Owning Your World #2: Making Magic Work
Magic is a fundamental force in many campaign settings. Most players have come to expect it, and a lot of the things you are thinking about adding to your world will rely upon it, so unless the world you are designing is barren of magic it is important to consider some things about how it works. When you are using ideas from pre-published sources, it becomes even more important to take the time to figure out how it's all going to fit together.
Magic...one of the things that separates fantasy roleplaying from period simulation is this mysterious force. Every setting handles magic in a slightly different way, with different rules governing spell effects, how powerful magic is, and who can use it. Indeed, in your setting magic may not be mysterious at all. In a good setting, there is always some underlying theory that holds magic together.
One familiar default is the division of...divine and arcane
One familiar default is the division of magic into two separate groups...divine and arcane. In this model, divine magic is granted by the gods or some higher power. Some exist who can draw on this power without a divine medium, such as druids, paladins, and clerics who adhere to an ideal rather than a specific god's teachings; thus, the source of divine magic generally involves the realm of belief. Arcane magic on the other hand is more of a hermetic pursuit; the intellect, will, or force of personality acts as the medium through which the caster controls unseen forces to bend reality to his will.
This division is a good place to start, but it only covers the ways in which those who will populate your world use magic. It doesn't focus on the nature of magic itself, nor does it add any flavor to the setting you are developing. In fact, you need not even make the distinction between divine and arcane magic in your world, though depending on the rules system you are using it may make your life easier later on if you do. I recently began developing a setting where the only distinction is on paper, and for all intents and purposes divine and arcane magic are one and the same. The key to this is the answer to the first question you should ask yourself when deciding how magic works in your world.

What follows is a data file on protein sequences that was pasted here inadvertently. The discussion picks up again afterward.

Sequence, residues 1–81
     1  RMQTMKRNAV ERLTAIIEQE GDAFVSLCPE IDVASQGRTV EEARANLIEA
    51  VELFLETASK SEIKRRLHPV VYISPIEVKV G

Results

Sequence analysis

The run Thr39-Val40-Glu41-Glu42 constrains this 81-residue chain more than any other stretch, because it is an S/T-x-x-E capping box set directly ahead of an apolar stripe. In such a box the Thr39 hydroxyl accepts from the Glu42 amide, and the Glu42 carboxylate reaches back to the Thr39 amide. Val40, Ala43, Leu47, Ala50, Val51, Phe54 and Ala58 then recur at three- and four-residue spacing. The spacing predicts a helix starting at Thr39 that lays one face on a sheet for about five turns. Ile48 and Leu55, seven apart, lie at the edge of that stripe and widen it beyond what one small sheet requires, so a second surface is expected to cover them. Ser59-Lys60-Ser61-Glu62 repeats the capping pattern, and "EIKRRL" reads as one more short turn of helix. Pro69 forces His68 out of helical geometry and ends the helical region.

1) What is the Source of Magic?
Though it may remain a mystery to the players for the rest of the campaigns you run in your world, as the GM you still must know where magic comes from. There are many possible answers to this question, and none are better than any others. However, to maintain consistency and continuity it is important to decide the source of magic from the outset. It could be resonant energy left over from the death of an ancient god, a weave of unseen force that can be manipulated to achieve certain effects, or anything in between.
Just keep in mind that whatever you choose is going to lead to more questions that you must answer as you go along. Keep a few pages in your setting notebook where you list those questions as you build your world, and try to answer as many of them as possible before even running your first session in the setting. All that work will flesh out the ideas you had as you went along, and make your world a more believable place.
2) Place Limits
...it is still wise to place limits on exactly how powerful magic is.